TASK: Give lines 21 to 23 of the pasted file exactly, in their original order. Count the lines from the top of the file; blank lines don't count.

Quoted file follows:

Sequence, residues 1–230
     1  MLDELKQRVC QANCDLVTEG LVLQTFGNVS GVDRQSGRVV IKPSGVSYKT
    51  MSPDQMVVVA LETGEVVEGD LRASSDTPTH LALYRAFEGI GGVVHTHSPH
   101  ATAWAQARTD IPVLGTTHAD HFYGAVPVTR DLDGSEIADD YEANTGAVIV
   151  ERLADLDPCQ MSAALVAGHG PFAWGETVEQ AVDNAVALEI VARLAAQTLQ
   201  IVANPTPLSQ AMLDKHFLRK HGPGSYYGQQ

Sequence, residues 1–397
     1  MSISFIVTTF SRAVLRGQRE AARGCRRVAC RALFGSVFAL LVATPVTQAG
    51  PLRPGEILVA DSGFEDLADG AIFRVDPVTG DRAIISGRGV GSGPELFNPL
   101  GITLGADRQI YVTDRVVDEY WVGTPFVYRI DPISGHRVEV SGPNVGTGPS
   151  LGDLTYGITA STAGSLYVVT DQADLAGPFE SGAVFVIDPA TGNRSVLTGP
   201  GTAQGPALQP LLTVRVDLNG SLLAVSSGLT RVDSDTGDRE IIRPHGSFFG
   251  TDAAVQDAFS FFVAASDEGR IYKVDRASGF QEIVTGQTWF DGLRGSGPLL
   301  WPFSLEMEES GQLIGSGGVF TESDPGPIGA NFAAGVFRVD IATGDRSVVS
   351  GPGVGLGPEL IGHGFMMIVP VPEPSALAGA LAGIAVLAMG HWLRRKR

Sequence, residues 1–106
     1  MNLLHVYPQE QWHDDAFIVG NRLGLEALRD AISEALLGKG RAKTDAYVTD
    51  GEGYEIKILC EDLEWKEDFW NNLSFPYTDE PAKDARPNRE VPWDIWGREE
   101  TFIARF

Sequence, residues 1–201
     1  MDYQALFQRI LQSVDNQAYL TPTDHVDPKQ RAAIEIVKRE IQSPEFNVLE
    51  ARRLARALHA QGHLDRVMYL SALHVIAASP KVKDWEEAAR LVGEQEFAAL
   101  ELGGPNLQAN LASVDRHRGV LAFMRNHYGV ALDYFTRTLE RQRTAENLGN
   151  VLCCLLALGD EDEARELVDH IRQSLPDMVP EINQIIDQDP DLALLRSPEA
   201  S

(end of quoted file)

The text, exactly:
     1  MDYQALFQRI LQSVDNQAYL TPTDHVDPKQ RAAIEIVKRE IQSPEFNVLE
    51  ARRLARALHA QGHLDRVMYL SALHVIAASP KVKDWEEAAR LVGEQEFAAL
   101  ELGGPNLQAN LASVDRHRGV LAFMRNHYGV ALDYFTRTLE RQRTAENLGN